Sermon – The Promise – April 20, 2014

Sermon: The Promise

Copyright: Sarah K. Person

Delivered: Easter Sunday, April 20th 2014 to the First Unitarian Universalist Society of Middleboro

 

Last Tuesday, I had the great privilege of joining Janice and David at the Oak Point Seder. Almost a hundred voices, some younger than mine and some from people almost a hundred years old, recited stories and blessings from a ritual that is almost two thousand years old and a feast that is even older than that. I let their voices wash over me as I marveled at their strength. It was a kind of affirmation. We are still here, still celebrating with others, they said, even after all that has happened to us and all the years.

The week of Passover, the week of Easter, is a week full of traditions for me and mine. We have our family Seder, at our house or at a cousin’s house; and then more Seders during the week. I have to say I look forward to it every year. This is one of the bonuses of growing up and living in an interfaith family. In the same week, I’d have family Seders and Easter egg hunts. Lots of matzoh ball soup and lots of chocolate! (And a lot of egg salad sandwiches the week after.) And I understood even as a child that this week was in truth the point where my interfaith heritage truly mixed. Jesus’s last supper was a similar to our Passover Seder. He probably ate the same lamb and bitter herbs and wine and matzoh that I ate.   Some of you, and a lot of Christians I meet, are surprised that Jesus was Jewish.

This is like the feast that Jesus celebrated, the last night before he was taken into custody. After all the stories were told and the songs sung and the blessings recited, they would have begun to eat. And then, the story tells us, Jesus – this wild and compassionate visionary – did something out of the ordinary.

While they were eating, Jesus took a loaf of the hard bread, and blessed it again, possibly saying:

Ba-ruch a-tah A-do-nai, E-lo-hey-nu Me-lech ha-o-lam, Ha-motzi le-chem min ha-a-retz.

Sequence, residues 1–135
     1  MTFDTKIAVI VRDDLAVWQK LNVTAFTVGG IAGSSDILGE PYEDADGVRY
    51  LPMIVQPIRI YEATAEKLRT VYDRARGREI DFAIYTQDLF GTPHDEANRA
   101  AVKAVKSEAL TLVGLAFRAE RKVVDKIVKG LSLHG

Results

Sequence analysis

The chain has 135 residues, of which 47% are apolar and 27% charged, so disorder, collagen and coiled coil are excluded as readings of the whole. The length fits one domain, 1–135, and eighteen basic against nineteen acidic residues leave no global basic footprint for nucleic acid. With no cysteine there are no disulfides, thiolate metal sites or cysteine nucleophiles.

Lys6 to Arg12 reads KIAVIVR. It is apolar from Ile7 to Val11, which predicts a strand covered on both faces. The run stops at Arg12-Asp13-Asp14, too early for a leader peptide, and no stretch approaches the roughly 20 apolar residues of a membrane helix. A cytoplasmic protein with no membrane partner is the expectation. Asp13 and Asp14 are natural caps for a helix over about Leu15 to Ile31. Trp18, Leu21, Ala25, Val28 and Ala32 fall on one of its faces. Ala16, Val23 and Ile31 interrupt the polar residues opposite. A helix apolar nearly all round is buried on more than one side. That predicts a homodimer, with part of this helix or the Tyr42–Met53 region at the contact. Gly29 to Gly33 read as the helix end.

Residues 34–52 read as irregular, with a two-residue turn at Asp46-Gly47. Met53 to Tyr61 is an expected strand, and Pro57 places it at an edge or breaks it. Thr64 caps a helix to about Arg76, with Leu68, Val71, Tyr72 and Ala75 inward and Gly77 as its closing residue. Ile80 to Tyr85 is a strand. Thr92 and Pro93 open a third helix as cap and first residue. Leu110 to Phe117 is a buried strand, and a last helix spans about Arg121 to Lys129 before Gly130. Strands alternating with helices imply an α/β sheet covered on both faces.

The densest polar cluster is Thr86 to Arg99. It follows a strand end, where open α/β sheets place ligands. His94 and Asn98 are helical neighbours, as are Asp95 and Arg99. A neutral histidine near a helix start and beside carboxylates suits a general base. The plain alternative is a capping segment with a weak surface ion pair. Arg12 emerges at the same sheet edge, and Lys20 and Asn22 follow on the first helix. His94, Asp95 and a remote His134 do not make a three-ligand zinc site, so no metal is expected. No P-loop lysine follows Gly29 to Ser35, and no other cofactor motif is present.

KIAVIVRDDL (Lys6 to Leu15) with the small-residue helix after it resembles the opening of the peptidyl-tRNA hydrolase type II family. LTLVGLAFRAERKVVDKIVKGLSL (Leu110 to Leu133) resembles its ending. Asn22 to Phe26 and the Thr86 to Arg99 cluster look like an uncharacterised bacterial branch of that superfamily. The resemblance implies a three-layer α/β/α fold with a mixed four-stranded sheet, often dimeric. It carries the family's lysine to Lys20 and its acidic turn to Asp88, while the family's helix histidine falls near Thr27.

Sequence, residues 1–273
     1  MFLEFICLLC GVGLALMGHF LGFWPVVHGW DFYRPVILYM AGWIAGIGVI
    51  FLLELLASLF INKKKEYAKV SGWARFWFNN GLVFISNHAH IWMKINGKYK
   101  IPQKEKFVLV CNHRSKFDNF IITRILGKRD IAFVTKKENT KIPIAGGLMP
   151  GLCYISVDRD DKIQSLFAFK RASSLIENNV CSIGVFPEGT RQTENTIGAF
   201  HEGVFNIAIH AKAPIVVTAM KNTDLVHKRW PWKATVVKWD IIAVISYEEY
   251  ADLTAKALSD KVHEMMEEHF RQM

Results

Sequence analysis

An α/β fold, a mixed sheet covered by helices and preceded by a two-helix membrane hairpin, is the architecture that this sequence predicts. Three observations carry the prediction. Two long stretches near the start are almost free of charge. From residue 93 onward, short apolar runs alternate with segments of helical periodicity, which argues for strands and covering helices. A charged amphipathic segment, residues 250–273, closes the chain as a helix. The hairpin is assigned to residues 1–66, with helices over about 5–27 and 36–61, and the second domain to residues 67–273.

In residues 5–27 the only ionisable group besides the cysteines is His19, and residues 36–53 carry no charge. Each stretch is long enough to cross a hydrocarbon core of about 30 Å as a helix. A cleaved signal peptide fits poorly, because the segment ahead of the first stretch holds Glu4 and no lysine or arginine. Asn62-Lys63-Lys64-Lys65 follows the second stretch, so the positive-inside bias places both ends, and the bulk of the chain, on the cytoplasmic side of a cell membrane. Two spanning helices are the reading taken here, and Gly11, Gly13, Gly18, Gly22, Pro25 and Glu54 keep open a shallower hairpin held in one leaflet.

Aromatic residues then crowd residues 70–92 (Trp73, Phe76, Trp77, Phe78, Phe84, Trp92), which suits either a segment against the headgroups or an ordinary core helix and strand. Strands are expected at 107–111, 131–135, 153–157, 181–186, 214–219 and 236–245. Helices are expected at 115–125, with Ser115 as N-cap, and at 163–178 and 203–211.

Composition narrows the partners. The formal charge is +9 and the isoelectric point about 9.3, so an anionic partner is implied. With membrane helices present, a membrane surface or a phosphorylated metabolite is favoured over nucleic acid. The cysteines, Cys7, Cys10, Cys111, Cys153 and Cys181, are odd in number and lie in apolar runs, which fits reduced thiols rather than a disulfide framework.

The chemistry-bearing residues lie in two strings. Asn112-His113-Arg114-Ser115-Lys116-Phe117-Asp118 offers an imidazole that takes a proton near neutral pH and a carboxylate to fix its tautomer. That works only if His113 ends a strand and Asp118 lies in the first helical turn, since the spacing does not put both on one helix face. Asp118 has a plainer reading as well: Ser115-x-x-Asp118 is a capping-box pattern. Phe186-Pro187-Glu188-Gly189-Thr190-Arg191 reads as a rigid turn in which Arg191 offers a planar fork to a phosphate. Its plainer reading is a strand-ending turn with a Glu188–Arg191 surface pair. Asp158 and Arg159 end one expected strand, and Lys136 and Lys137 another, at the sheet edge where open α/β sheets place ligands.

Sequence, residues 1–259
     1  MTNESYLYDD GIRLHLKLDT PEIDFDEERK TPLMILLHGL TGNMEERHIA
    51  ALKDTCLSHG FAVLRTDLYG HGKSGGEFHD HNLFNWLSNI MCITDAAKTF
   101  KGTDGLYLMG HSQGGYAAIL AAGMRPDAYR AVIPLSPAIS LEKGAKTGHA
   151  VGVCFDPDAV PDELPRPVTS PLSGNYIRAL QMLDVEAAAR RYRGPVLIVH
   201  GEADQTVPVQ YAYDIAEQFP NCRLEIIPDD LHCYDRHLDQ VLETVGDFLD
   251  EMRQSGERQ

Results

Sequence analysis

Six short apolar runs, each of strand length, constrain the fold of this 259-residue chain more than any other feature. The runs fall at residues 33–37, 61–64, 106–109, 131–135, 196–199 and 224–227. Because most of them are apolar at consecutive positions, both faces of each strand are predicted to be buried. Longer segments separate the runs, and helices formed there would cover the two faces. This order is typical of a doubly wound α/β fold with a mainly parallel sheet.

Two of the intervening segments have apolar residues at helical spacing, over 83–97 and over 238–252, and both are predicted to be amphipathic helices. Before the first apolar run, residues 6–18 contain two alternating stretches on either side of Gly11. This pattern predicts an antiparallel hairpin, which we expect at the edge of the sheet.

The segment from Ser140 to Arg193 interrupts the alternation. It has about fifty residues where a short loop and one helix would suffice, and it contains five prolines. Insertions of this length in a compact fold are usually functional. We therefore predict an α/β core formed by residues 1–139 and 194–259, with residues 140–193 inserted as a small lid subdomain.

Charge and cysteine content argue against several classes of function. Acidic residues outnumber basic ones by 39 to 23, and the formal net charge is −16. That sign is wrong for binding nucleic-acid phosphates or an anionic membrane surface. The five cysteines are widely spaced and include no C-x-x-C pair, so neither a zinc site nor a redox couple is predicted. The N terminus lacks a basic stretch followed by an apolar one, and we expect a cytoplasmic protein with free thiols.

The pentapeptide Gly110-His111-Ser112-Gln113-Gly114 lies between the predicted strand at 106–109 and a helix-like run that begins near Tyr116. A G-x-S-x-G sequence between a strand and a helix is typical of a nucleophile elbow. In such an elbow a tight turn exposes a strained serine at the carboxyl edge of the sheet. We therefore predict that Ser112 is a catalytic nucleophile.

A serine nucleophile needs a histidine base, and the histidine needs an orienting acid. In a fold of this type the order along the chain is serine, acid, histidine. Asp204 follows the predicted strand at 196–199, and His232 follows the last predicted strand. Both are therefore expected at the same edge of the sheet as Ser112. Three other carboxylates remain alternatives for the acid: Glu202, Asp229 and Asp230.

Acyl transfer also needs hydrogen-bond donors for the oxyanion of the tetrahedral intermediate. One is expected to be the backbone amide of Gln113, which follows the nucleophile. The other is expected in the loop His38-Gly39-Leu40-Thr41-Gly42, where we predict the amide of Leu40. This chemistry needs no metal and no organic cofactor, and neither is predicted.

Praised are you, Adonai our God, Ruler of the universe, who brings bread from out of the earth.

Ba-ruch a-tah A-do-nai, E-lo-hey-nu Me-lech ha-o-lam, A-sher ki-d’-sha-nu b’-mitz-vo-tav,

v’-tzi-va-nu Al a-chilat ma-tzah.

Praised are you, Adonai our God, Ruler of the universe, who makes us holy through Your commandments, and commands us to eat Matzah.

 

He then broke it, gave it to them, and said, ‘Take; this is my body.’

 

Then he took a cup, and after giving thanks:

Baruch attah Adonai, eloheynu melech ha-olam, boray p’ri ha-gafen.

Blessed are You, our God, King of the Universe, Who creates the fruit of the vine, …

 

he gave the cup to them, and all of them drank from it. He said to them, ‘This is my blood of the covenant, which is poured out for many. Truly I tell you, I will never again drink of the fruit of the vine until that day when I drink it new in the Kingdom of God.’ Within hours, we are told, he was captured and then executed by the Romans.

As I grew up I started paying attention to things other than food. I started paying attention to the messages of the Seder, and the Easter story of the last supper and the crucifixion and the empty tomb. I realized that, while I didn’t believe everything in the Bible as historic fact, I believed at least two things probably happened: that after generations of slavery, the Hebrews left Egypt under what had to be extraordinary circumstances. I also believed that, after a remarkable life and a painful and heartbreaking death and burial, the tomb of Jesus of Nazareth was found to be empty. Although my beliefs have been in a steady process of evolving since then, I have never lost the sense that this week was meant to get us through tough times. This week is a week of celebrating the meaning that Jews and Christians made of this; the good news that we were delivered from evil.

This is a season of deliverance and resilience. In spite of everything going on around us today in our lives, in spite of all the hard things we have to deal with, the message from these holy days is that we can be confident and joyful in the core of our being because long ago these things happened. An entire nation was delivered from slavery, and a tomb could not hold the physical remains of the amazing man who had been placed there. There are miracles that attend these stories: the miracles of the plagues and the parting of the Sea of Reeds, the miracle of Jesus’s revealed presence to his followers after he had died. The miracles lent power and grace to the message. This good news enabled Jews and Christians to hold on to their conviction long past the events themselves. We can get to a place of joy and resilience because once we were delivered from evil.